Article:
How We Test iPhone Battery Packs
One of the weaknesses of the iPhone 3GS is its battery life. Many applications, such as golf GPS software, can be tremendous battery hogs. Sure, you can mitigate it somewhat by turning off WiFi, Bluetooth and even the data connection, or shortening the amount of time before the iPhone “auto-locks” and goes to sleep, but those of us who are fundamentally lazy can’t be troubled to do all of that! We want to solve the problem by throwing money at it! Enter the iPhone battery extender. We tested the iPhone battery packs with both a “real world” usage test and a “recharge” test.
We tested the devices in the field with the Golfshot GPS application. As any iPhone owner knows, the iPhone will “auto-lock” (Apple’s term for “go to sleep”) any time it hasn’t been used in awhile. The downside for golfers is that this will disable the GPS antenna, so when you “wake up” the iPhone, you have to wait for it to reacquire the satellites before it provides an accurate yardage to the hole. The Golfshot GPS application has a feature enabling you to disable the auto-lock function and keep the iPhone active all of the time. No more cursing at the screen while it says “acquiring satellite”! Ah, but we found that in this power-sucking mode, the standard iPhone battery struggles to make it through 12 holes. And thus was born a need for an iPhone battery extender.
To simulate what we think a typical golfer would do, we put the iPhone battery packs on a fully charged iPhone and launched the Golfshot app about 15-20 minutes prior to the beginning of the round (about the time you would be walking toward the first tee). The battery extenders are designed such that power is first drained from the battery extender (as it continually charges the iPhone) – the iPhone battery doesn’t drain until the battery extender is spent. The question was, “Would we have enough juice remaining on the iPhone after playing 18 holes that we could still call our wives/girlfriends and lie through our teeth about how slow the round was going and thus buy ourselves enough time to head into the bar for a few drinks?”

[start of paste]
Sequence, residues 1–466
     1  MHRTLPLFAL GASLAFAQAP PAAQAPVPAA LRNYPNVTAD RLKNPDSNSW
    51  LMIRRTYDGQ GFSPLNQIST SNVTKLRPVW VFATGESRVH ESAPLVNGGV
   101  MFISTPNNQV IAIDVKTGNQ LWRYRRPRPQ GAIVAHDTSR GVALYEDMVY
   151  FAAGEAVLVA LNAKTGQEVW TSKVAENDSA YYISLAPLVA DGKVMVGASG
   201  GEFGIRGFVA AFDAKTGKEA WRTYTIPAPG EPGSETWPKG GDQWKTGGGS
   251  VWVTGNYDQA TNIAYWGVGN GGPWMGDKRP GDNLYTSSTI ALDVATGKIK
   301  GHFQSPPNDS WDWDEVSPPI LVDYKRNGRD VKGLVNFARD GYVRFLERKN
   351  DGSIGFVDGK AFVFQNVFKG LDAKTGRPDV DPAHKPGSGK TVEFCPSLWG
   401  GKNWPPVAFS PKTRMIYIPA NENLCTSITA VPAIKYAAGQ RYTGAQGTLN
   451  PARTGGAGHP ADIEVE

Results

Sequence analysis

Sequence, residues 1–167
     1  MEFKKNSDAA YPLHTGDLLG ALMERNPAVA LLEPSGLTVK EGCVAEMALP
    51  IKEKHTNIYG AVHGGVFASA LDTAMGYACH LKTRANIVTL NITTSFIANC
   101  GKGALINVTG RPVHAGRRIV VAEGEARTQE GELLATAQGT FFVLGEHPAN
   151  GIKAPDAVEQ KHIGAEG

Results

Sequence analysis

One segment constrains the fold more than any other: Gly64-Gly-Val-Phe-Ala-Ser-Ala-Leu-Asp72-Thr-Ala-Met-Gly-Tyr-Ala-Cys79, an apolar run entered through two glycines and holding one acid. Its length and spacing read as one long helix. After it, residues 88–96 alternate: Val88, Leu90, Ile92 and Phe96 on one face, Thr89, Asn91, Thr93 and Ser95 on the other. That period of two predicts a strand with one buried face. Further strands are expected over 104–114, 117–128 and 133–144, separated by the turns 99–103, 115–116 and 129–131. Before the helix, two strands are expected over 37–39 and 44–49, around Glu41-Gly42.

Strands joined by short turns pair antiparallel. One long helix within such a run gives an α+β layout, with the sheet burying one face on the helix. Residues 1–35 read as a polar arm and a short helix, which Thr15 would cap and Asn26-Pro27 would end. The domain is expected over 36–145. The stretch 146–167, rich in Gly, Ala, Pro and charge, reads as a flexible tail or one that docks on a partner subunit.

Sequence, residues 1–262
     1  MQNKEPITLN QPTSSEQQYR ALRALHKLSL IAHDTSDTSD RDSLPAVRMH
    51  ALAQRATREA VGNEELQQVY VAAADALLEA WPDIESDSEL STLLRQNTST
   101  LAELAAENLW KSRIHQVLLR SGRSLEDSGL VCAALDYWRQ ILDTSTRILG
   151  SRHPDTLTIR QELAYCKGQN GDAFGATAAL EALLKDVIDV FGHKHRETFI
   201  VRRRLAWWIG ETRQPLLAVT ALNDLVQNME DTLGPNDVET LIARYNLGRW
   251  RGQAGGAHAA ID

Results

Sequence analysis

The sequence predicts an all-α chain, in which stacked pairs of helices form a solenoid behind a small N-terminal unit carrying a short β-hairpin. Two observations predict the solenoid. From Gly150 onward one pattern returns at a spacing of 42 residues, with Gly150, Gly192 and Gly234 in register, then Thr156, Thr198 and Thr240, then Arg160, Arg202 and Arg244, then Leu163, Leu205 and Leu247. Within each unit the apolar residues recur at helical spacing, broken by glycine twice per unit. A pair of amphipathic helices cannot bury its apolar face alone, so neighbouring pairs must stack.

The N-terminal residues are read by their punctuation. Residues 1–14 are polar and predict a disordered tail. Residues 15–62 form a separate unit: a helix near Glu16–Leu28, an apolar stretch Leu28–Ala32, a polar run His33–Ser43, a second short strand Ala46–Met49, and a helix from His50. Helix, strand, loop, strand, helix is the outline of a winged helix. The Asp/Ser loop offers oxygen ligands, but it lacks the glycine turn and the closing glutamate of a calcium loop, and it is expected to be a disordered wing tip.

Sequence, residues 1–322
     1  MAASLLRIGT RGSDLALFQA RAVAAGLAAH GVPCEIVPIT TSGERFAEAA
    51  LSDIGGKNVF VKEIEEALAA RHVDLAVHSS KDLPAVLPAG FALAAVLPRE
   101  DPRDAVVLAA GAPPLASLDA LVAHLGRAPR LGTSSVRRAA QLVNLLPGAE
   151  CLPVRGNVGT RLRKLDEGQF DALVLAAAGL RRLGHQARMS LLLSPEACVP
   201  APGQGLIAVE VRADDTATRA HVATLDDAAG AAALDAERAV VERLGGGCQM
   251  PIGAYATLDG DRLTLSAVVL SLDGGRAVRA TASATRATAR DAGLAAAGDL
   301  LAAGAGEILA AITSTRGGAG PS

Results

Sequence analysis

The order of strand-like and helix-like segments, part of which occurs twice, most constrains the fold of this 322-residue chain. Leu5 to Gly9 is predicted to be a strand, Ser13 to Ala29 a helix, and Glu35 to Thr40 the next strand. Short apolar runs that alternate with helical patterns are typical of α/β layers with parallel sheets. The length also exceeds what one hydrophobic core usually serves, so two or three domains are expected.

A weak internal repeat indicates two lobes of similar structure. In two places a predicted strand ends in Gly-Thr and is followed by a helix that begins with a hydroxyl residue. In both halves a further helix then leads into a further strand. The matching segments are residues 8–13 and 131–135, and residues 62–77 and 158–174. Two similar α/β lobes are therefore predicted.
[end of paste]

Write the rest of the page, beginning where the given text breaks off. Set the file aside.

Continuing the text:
Our reviews report on what percentage of the iPhone battery was left at the end of a typical round (we tested each battery pack on multiple rounds). There obviously is some variability on how long it took us to play 18 holes, but all rounds were between 4-5 hours, and our primary goal in this test was just to provide feedback on the general usability of the devices in the real world.
We also tested how well the iPhone battery packs performed when used as the source of power for recharging the iPhone. We drained the iPhone battery entirely until the red bar of death appears and the phone shuts itself down (if you’ve seen the red bar of death, we can only hope it wasn’t when you were stuck by the side of the road trying to call roadside assistance).
We then plugged the iPhone into the battery pack to see if the battery extender would completely recharge the iPhone. When recharging, we keep the iPhone settings the same as they are for our usual day-to-day operation (WiFi off, Bluetooth on, regularly pulling down email). If a complete recharge was accomplished, we would unplug the iPhone, run its battery down again, and replug it into the battery pack.
Our reviews report back on how many times a battery pack could recharge an iPhone before the battery pack was spent, and the typical amount of time required to recharge the iPhone.